Following conversations with New Zealand Cricket, Boult and the board have agreed to a parting of ways which in no way ends the 33-year-old’s international career, but will see it significantly curtailed. Instead of regular appearances for the Blackcaps, he will instead focus on the franchise circuit, including two lucrative new additions in the United Arab Emirates and South Africa.
NZC chief executive David White told ESPNcricinfo he doesn’t think it will have a ripple effect on others within the New Zealand setup. However, Anderson, who turned 40 last month and will earn his 173rd cap in the first Test against South Africa on Wednesday, believes Boult’s decision is a seismic event given the direction cricket is heading. He expects more bowlers in particular to take this route given the rewards on offer.
When asked if he was saddened by Boult’s decision, Anderson admitted he was “because the cricket test will probably bear the brunt of it. The easiest thing for bowlers to do is to play four overs or 20 balls.’re paid just as well, that probably makes sense.That will tempt more people than not.
“He is [a big deal that Boult made this choice] because he’s a top international player and I can definitely see that happening more and more now, especially with the bowlers.”
Boult’s quote about timing and spending more time with family is something Anderson can appreciate. He knows his workload, significantly lightened due to the fact he hasn’t played any white-ball cricket for England since the 2015 World Cup aged 50, has contributed to his longevity. The same goes for his opening partner Stuart Broad, who last represented England in the limited overs format in an ODI against South Africa in January 2016.
“I think Broady will say the same thing: that we were lucky that our white ball careers were pretty much over after that World Cup and we could focus on red ball cricket. It worked out really well. for us. Going forward, I can see it definitely being the other way around – with people picking and choosing their formats, their tours, whatever it is.”
“I’m proud to have gotten to where I am,” Anderson said, reflecting on his feat of endurance. “I also feel lucky to still have the love of the game and the desire to improve and to continue to train and play in nets and everything that goes with it. Because for a lot of people that’s is the first thing that goes, and that’s where you start to slow down and relax. But for me, I feel like that passion is still there. So I feel lucky for that. I have lucky that my body is still functioning properly and allowing me to do the work that I love.”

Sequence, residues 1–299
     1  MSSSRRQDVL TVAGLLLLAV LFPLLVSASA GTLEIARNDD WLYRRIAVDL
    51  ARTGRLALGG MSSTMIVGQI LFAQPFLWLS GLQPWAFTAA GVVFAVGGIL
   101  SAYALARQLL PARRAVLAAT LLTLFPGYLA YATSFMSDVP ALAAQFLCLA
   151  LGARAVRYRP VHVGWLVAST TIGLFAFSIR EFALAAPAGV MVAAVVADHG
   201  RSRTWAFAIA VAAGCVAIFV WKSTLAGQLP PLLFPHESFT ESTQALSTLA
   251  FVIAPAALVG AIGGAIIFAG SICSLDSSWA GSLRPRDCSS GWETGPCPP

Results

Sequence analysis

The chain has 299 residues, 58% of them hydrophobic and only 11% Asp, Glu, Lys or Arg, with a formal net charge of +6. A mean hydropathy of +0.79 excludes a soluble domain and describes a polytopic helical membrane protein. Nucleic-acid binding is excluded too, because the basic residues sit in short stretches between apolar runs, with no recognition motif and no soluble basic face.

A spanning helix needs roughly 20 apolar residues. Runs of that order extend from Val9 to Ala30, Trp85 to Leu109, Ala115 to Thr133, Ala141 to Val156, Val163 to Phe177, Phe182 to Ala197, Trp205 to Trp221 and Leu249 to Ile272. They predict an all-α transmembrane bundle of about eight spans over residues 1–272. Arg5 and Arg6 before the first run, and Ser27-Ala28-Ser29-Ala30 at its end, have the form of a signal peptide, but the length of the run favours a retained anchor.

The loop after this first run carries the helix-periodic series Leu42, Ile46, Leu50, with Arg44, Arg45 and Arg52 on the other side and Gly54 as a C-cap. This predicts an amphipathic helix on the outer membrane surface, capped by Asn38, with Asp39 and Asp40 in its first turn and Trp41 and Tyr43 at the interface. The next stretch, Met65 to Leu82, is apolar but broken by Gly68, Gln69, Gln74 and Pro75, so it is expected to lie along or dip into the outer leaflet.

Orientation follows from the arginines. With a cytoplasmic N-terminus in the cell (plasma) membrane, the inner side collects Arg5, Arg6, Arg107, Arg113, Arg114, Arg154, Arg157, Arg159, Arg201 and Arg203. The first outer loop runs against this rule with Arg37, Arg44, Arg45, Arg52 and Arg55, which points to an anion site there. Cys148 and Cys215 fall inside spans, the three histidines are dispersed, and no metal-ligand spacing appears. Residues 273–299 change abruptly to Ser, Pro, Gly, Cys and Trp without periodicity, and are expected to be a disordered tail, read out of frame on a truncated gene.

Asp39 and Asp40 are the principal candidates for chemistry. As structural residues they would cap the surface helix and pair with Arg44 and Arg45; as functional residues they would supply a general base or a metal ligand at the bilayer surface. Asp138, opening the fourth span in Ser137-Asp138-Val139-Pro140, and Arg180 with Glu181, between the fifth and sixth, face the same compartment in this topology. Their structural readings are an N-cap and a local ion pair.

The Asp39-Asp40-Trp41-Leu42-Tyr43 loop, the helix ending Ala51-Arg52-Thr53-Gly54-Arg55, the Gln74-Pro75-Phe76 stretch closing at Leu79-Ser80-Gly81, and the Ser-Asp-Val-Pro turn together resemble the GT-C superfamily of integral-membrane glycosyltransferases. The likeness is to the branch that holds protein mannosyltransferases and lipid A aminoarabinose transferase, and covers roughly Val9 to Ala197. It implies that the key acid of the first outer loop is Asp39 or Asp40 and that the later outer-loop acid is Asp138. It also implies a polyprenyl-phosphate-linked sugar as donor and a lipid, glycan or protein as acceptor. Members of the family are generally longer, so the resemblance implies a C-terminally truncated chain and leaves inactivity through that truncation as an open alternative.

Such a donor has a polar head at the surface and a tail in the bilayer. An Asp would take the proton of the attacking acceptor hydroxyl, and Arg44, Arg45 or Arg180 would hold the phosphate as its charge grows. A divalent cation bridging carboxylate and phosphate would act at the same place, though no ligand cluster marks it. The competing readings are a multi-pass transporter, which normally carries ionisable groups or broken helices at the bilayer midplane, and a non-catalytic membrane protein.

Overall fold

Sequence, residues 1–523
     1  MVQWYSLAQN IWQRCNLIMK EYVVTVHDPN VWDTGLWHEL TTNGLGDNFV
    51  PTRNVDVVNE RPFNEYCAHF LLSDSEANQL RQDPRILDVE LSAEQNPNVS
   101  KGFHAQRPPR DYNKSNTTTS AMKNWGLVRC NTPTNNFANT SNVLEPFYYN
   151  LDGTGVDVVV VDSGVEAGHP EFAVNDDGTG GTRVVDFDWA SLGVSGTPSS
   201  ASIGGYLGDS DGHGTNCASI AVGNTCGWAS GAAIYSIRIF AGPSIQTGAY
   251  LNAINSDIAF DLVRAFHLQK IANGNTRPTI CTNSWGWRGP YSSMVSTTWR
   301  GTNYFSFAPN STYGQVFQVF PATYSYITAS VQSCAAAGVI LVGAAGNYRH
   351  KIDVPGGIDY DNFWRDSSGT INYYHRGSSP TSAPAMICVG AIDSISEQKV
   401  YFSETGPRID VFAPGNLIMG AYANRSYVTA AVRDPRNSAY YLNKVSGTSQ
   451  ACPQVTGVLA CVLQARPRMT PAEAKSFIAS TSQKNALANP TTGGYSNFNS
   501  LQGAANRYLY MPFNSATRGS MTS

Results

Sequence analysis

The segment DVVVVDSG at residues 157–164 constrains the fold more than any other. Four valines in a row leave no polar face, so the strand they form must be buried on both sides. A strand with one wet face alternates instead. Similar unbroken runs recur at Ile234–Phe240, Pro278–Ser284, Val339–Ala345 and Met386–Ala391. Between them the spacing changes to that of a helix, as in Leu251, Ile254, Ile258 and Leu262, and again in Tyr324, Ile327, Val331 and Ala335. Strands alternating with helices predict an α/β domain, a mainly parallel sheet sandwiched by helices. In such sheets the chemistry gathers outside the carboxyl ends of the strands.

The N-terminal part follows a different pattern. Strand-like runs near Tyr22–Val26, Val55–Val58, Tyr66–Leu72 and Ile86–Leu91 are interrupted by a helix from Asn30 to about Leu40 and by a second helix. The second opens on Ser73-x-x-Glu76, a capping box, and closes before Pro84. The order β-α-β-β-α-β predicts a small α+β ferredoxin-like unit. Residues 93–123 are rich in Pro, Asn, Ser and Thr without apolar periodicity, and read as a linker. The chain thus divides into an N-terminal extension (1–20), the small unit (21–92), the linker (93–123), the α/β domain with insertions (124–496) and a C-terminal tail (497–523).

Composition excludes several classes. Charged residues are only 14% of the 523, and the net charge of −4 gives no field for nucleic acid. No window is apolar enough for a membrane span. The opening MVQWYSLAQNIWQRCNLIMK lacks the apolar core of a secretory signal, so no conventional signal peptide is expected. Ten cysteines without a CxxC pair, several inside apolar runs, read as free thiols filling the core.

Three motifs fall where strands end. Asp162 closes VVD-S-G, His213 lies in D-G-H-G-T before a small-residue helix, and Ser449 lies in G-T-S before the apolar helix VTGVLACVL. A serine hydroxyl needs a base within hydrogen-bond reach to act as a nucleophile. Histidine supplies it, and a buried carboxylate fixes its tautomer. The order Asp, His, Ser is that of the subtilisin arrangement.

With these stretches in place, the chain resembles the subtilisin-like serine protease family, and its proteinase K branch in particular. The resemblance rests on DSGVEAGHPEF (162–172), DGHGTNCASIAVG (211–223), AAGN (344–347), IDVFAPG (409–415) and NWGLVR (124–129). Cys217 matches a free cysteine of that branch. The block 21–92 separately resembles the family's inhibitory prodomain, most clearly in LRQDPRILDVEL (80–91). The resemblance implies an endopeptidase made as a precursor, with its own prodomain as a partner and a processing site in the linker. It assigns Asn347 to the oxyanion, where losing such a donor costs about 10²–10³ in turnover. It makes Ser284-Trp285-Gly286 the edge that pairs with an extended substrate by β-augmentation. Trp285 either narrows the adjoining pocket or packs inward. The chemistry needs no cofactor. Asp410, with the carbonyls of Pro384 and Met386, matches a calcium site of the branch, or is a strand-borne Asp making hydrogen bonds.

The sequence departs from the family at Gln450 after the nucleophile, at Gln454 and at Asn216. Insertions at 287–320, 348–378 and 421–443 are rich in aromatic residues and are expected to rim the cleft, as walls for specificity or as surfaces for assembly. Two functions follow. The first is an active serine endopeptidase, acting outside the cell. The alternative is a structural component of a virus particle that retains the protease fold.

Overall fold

As for who will be the next player to join this age bracket, Anderson suggested his longtime partner Broad, who is already 36 years old. However, his follow-up to who else has spoken about his vision for the game right now – a time when the future seems far more relevant than the present:
“Certainly not after that because no one will be stupid enough. Everything that’s happened in the world with franchise cricket, the Hundred, the short forms of the game, I don’t see anyone wanting to play Test cricket that long. “
When it comes to future-proofing cricket, although boards should take the bulk of the responsibility for doing so – if they so choose – Anderson believes current players are the ones who should continue to do their part. Ever since Brendon McCullum and Ben Stokes took over as head coach and captain of the England Test team, much has been said about how their style of cricket makes the longer format more appealing.
While most of that talk has come from England players, much to the derision of others, notably the Proteas who are motivated to burst the so-called ‘Bazball’ bubble, in the style of four wins at the start of the summer. against New Zealand. and India revived the good feeling around the format. It’s a responsibility Anderson feels shouldn’t be ignored.
“Even though we didn’t play that way, I still think Test cricket is an amazing format. We’ve had some brilliant runs and games, not just involving ourselves and between other teams around the world who were brilliant to watch. So hopefully people will see that and want to be a part of it, growing up wanting to play test cricket.
“But, yes, our job and 100% responsibility as cricket testers is to promote the game and encourage as many people as possible to watch and play it when they get older.”
Vithushan Ehantharajah is associate writer for ESPNcricinfo